A doctor who incorporated his practice worked as a contractor in a hospital emergency department. He used the second story of his residence to access patient records remotely and to do continuing education training and medical board certification activities; he did not treat any patients there. His C corporation deducted 100% of his mortgage payments, referring to them as “rents.” On his personal return, he claimed an itemized deduction for the mortgage payments.
The Tax Court denied the corporation a rent deduction (Christopher C.L. Ng MD Inc. APC, TC Memo 2018-14). The doctor failed to prove that the arrangement, which he claimed was to provide workspace for the corporation’s sole shareholder, was a valid rental arrangement. The court noted that “[a] close relationship between a lessor and lessee does not mean that a valid lease agreement between them cannot exist,” but there’s going to be close scrutiny. In this case, the doctor did not treat the situation as a rental arrangement: there was no written rental agreement and he didn’t report rental income on his personal return.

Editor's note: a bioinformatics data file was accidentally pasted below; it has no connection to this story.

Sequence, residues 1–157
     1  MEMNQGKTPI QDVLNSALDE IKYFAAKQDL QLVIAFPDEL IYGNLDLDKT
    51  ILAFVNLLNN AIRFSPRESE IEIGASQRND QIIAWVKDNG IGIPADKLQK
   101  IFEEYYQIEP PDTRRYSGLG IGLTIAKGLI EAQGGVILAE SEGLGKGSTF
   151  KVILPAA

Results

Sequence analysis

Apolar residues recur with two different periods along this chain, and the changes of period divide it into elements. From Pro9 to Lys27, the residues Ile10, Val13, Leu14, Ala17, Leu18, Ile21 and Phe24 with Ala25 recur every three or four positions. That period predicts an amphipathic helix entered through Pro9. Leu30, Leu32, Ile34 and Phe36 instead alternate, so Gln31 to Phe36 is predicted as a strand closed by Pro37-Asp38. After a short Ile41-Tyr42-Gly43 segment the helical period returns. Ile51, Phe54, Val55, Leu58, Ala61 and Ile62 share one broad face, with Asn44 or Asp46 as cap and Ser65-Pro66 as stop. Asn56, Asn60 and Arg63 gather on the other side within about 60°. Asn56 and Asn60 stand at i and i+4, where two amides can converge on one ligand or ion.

Note: Had his practice been conducted in any other entity, such as a sole proprietorship or an S corporation, then a home office deduction under Code Sec. 280A would have come into question. However, this section does not apply to C corporations.